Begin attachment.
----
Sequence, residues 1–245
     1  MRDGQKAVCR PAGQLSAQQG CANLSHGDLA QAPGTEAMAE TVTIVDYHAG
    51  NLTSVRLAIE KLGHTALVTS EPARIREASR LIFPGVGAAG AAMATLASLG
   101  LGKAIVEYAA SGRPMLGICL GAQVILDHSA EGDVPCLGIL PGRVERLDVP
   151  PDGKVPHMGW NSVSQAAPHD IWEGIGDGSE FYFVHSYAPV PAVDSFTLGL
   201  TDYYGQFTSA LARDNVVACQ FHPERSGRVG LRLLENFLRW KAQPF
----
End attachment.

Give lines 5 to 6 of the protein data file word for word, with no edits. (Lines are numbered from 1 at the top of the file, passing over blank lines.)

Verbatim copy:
   151  PDGKVPHMGW NSVSQAAPHD IWEGIGDGSE FYFVHSYAPV PAVDSFTLGL
   201  TDYYGQFTSA LARDNVVACQ FHPERSGRVG LRLLENFLRW KAQPF